Keeping a Snake as a Pet – The Basics

Keeping a Snake as a Pet - The Basics - Long Island Pet Pages Keeping a Snake as a Pet - The Basics - Long Island Pet Pages

When people think of pets, most of the time “furry” and “cuddly” are adjectives that come to mind. For the owners of pet snakes, however, these words don’t really fit. Still, snakes make interesting pets, and can even be lovable – in their own way.

Choosing to own a pet snake should not be a snap decision. Snakes can grow large, eat a lot, and require very specific conditions for staying healthy. Some varieties can even be dangerous to humans. Providing for their needs can be quite expensive. To top it all off, snakes tend to have a long lifespan. For the sake of the snake, don’t buy one without being sure you are ready to make the commitment.

All snakes are meat-eaters. Many snake owners keep live mice or rats, which multiply rapidly, as food for their snakes. It is recommended that snakes be fed pre-killed prey animals instead of live ones. Especially if the snake is not real hungry, a live prey animal can inflict injuries to the snake. Many snake enthusiasts order frozen mice for their snakes. Others raise mice and kill them as needed to feed their snakes.

The good part of feeding a snake is that most shouldn’t be fed more often than once a week and some can go for several weeks between feedings. The reason is that they don’t have to expend any energy creating their own body heat. In fact, if the cage is not warm enough, a snake can’t even digest its food.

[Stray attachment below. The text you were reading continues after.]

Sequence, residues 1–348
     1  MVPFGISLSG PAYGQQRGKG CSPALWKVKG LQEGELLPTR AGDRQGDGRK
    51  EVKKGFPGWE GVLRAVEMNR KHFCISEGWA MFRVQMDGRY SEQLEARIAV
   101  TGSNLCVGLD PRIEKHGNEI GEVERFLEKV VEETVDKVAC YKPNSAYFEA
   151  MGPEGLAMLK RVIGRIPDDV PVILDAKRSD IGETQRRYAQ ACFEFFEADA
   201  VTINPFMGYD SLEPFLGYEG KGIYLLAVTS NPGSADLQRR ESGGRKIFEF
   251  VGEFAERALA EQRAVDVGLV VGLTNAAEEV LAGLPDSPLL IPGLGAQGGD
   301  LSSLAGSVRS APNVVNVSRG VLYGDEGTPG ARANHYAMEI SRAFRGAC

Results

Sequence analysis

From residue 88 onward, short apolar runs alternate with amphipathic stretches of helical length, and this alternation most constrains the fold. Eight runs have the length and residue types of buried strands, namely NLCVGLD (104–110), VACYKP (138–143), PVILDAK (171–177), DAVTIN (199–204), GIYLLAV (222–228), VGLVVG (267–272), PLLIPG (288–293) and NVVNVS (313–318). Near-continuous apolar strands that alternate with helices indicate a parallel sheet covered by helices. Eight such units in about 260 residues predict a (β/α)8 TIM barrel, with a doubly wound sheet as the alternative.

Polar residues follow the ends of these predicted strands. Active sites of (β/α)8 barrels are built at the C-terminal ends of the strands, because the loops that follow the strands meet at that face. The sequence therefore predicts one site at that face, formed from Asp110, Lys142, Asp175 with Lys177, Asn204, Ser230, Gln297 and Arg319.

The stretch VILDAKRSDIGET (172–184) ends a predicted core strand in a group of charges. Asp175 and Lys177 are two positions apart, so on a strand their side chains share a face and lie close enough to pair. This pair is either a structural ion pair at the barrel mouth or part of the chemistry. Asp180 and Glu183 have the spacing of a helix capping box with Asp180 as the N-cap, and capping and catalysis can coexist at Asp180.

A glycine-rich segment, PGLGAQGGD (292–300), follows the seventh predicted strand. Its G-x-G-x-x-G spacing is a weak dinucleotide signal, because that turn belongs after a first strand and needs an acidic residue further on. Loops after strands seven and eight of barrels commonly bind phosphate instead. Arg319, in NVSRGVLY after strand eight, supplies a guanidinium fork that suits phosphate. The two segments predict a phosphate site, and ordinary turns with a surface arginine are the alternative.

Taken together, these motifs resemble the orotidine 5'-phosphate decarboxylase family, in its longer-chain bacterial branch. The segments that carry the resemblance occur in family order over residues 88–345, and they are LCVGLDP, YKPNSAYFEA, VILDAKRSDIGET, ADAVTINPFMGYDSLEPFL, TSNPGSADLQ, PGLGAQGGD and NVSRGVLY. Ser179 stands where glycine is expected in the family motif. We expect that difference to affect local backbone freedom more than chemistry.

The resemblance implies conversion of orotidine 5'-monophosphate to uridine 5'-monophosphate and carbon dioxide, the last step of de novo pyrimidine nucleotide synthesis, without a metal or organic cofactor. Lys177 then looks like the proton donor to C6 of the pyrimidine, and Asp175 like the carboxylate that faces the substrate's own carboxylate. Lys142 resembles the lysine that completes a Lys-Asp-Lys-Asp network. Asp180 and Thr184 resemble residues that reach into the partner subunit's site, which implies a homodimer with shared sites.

The enclosure, or cage, for the snake needs to be first of all escape proof. Snakes are escape artists, and don’t need a very big opening in order to find a way out. The cage also has to have a source of heat. Because they are cold blooded, snakes must have a variety of temperatures to choose from. This is how they regulate their body heat. For best results, the enclosure should be heated on one side only and thermometers used on both ends. Each snake species has specific needs in terms of heat, and you should find out these needs before getting a snake.

Other needs include a bowl of water, several places to hide, and a floor lining. If you’re on a tight budget, newspaper works well for most snake varieties. It can easily be replaced when soiled. The water should be kept clean, too. Any wastes or uneaten food should be removed quickly. The cage should be thoroughly cleaned and disinfected about once a month.

Keeping a pet snake is a responsibility that can also be an adventure. If you are a beginner, you should start with one of the easier snakes to keep. Do a little research, and you will find out that pet snake breeds are generally rated according to how hard they are to keep. In time, you will learn the ins and outs of snake keeping, and can expand your collection to include some of the more exotic types.

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